How common is HIV in the UK?
The latest published estimate, for 2015, is that there are around 101,200 people living with HIV in the UK.
A more recent estimate suggests there were 89,400 people living with HIV in England in 2016. Of these, around 10,400 are undiagnosed so do not know they are HIV positive.
London continues to have the highest HIV prevalence in the country: of those in England living with HIV, 40% live in London. The borough where the highest proportion of residents have been diagnosed with HIV is Lambeth – this is 1.7% of the borough’s population.
Anyone can get HIV but people from some groups or parts of the world are more likely to be affected. In particular, men who have sex with men and black African people are disproportionately affected.
Of the 5,164 people diagnosed with HIV in the UK in 2016, 54% were gay or bisexual men.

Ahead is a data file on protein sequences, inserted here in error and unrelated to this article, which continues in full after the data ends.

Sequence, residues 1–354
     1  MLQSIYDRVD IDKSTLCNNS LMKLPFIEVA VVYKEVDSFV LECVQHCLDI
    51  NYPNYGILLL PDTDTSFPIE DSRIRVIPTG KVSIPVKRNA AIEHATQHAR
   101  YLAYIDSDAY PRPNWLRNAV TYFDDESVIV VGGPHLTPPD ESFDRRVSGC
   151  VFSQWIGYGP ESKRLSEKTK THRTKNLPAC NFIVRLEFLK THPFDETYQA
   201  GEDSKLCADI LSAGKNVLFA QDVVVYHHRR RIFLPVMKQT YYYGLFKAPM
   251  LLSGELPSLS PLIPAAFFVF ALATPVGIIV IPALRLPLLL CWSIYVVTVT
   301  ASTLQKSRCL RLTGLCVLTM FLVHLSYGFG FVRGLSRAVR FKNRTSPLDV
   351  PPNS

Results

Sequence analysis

Of the 2,110 heterosexual people diagnosed with HIV in 2016, 39% were black African men and women.
The overall mortality rate for people aged 15-59 who were diagnosed early was, for the first time, equal to that of the general population for the same age group.
Diagnoses in 2016
- New diagnoses have been declining since their peak in 2005.
- In 2016 there was an 18% drop in new diagnoses compared to 2015.
- Of those diagnosed with HIV in 2016, 42% were diagnosed late. Of those diagnosed with HIV, 60% of heterosexual men were diagnosed late; only 32% of gay and bisexual men were diagnosed late.
- As a result of combination prevention among gay and bisexual men, 2016 saw a fall of 21% in HIV diagnoses in that demographic – especially in London, where new diagnoses decreased by 29% from 1,554 in 2015 to 1,096 in 2016.
Other key data
- In 2016 in London, the UNAIDS 90-90-90 target was achieved for the first time. England came close to meeting that target, with 88% of those living with HIV being diagnosed, 96% of those on HIV treatment and 97% of them having an undetectable viral load.
- Only 2% of people living with HIV in the UK had contracted HIV via injecting drug use.
- More than a third of people receiving specialist care are now aged 50 or over (38%), compared to less than one in five in 2007.
More statistics are available in these reports: